This is a retelling of the 4,000-year-old Epic of Gilgamesh, in which Gilgamesh, king of Uruk, abuses his power and insults the gods. The punishment he receives for his hubris subsequently leads him on a quest for immortality.
I discovered this book by chance and bought it more or less on a whim, and wow, what a find. I only seldom read poetry, but this one captivated me from the start. The plot is pretty simple and straightforward, but it is all imbued with so much imaginativeness and magic, from the gods, to fantastical beasts, giants, magical locations, and journeys into the unknown, that it becomes a rich tapestry of wonder and excitement. Of course, the individual parts are all taken from the original material, but what Lewis does with them deserves a lot of praise; her description of the Sky Bull, for instance, which is sent by the goddess Inanna to destroy Gilgamesh for rejecting her advances is absolutely something to marvel at. This rejection of the goddess, incidentally, is also one of the highlights, because the words he uses to refuse her are as beautifully composed as they are devastating, and Inanna’s reaction is not justified, but, for a goddess at least, rather understandable.
Every chaper is written in a different form which is meant to represent different voices telling their own version of the story. This intention was only explained in the afterword, as well as some other facts about this version of the epic, and I think that some of the information should have been in the preface, as it would have changed the reading experience a little. On the other hand, I was tempted to just start over from the beginning with these new considerations in mind, so maybe they were in the right place after all. Anyway, the different style in every chapter is a nice effect, and in most parts the respective form matches and enhances the content; for the battle with the giant Humbaba, for instance, a somewhat choppy and exciting style is employed that pulls the reader straight into the fight. Not every chapter is as utterly compelling as this one, but there are definitely more hits than misses.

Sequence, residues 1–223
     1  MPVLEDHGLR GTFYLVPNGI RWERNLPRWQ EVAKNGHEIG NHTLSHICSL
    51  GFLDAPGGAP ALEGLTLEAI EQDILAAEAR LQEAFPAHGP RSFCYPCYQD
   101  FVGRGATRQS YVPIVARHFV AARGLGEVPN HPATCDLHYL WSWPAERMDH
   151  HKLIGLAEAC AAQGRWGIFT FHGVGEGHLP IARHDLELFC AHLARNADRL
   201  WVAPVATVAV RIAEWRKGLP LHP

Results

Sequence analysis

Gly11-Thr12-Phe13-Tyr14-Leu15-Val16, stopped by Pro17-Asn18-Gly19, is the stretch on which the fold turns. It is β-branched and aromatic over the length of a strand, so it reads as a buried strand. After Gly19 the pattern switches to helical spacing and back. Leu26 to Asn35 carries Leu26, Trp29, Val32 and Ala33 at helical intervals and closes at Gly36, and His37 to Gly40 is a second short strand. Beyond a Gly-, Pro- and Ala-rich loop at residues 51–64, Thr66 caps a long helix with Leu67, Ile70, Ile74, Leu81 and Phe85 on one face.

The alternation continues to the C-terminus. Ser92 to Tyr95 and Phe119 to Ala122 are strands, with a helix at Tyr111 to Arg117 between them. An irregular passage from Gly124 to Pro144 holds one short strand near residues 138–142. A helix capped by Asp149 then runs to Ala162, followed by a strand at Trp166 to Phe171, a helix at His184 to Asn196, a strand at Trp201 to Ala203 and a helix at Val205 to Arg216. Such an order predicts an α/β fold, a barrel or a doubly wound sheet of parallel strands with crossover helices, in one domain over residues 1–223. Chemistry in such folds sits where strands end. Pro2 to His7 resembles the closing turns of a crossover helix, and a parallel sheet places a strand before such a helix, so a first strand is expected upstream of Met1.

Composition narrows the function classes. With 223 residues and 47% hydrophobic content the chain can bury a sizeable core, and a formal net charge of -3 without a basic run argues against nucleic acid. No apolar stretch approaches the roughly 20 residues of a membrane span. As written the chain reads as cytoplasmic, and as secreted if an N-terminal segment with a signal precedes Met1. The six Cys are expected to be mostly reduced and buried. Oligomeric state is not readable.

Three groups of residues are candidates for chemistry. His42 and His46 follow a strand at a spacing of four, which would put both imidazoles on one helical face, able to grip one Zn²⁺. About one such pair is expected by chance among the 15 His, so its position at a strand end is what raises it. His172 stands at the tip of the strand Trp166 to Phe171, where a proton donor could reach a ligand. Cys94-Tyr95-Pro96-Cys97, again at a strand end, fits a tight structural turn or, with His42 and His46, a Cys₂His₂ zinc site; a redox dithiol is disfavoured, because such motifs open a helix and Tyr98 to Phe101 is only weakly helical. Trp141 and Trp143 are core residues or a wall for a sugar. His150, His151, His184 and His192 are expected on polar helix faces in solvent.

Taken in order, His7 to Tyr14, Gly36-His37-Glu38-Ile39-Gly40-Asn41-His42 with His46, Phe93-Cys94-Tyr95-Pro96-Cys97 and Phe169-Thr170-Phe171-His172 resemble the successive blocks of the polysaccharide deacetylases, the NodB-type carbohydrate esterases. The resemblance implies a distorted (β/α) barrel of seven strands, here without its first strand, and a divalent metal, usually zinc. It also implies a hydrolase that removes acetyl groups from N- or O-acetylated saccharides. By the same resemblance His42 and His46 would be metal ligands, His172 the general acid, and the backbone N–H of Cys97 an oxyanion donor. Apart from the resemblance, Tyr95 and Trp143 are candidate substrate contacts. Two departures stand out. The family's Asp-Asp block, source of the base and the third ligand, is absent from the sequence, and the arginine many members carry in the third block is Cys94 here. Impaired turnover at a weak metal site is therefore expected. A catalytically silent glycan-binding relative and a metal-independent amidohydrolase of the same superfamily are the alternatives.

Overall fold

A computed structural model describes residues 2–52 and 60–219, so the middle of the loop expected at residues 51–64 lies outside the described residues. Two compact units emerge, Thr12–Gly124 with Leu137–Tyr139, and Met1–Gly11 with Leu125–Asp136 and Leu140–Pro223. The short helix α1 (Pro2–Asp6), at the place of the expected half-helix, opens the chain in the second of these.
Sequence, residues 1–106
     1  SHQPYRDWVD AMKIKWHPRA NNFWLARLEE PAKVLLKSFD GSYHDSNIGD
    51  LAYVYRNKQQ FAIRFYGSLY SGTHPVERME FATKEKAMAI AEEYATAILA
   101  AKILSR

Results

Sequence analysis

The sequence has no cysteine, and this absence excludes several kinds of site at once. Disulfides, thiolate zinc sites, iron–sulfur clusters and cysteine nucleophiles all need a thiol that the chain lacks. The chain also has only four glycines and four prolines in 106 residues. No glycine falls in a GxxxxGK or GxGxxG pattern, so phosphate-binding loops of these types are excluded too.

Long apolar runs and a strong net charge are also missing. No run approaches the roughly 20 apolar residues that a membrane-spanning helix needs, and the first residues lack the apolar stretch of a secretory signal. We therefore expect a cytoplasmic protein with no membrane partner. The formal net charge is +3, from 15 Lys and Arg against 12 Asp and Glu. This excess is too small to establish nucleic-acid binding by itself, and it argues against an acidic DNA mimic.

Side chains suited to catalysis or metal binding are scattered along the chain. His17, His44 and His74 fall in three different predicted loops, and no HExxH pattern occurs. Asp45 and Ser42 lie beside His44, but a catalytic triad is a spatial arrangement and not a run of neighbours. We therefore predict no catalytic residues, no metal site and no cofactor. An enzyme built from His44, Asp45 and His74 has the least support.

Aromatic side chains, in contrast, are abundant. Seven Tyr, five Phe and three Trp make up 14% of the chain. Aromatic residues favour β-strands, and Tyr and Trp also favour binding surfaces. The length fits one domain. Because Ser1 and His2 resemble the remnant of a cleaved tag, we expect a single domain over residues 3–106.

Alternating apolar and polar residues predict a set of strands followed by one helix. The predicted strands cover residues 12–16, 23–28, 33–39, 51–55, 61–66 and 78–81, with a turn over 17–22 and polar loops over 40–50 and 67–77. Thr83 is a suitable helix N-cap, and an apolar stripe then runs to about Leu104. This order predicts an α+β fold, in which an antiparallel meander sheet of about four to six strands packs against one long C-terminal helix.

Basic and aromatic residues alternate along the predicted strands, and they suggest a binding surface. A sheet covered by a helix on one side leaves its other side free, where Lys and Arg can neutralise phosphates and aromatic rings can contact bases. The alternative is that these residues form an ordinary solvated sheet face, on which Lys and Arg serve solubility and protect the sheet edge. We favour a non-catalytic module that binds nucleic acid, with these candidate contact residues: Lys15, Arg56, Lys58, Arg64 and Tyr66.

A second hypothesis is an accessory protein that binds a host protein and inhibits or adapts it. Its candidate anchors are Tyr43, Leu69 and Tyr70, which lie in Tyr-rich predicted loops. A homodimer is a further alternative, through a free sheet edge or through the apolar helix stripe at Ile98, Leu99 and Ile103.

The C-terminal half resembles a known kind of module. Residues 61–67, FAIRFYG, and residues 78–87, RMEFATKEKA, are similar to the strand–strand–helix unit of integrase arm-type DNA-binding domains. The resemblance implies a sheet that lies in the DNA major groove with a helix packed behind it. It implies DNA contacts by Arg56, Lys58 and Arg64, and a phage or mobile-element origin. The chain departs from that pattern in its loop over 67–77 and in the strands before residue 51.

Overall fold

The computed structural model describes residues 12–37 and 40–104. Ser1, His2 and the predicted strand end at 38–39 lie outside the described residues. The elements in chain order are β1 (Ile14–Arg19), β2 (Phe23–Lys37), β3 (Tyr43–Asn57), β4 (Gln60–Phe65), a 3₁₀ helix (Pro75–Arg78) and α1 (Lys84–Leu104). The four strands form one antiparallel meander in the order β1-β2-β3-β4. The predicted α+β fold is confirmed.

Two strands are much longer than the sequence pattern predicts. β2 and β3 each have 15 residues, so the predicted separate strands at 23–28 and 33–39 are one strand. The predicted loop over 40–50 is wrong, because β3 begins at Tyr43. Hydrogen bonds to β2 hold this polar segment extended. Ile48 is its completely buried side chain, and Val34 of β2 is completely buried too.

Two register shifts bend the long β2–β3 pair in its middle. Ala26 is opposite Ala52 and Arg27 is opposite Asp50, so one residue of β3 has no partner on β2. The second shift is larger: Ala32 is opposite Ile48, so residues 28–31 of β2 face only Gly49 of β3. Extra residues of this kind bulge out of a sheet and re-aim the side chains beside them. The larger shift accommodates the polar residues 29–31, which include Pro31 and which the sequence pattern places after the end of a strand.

Also worth mentioning is the fact that this may be a story about a man and his quest but that Lewis took care to include and depict the women in a meaningful way. Gilgamesh encounters them at every juncture of his journey, and without them helping him along he would not have made it. His adversary, in contrast, is the goddess Inanna, and he becomes the great ruler he is supposed to be only through the struggle with her. In both of these facts concerning the presence of women in this story, there is obviously some greater truth to be found.
It’s a glimpse into an old, long gone world that existed thousands of years ago, and into an otherworld, dreamt up by the people that lived during that time, but it’s also a fantastical adventure story with some clear messages about the human condition that is relevant and enjoyable at any time in history. The version of this famous poem Lewis delivers is not only some exceptionally beautiful poetry, but makes these ancient worlds a little more accessible for a modern reader.
CBR11 Bingo: Remix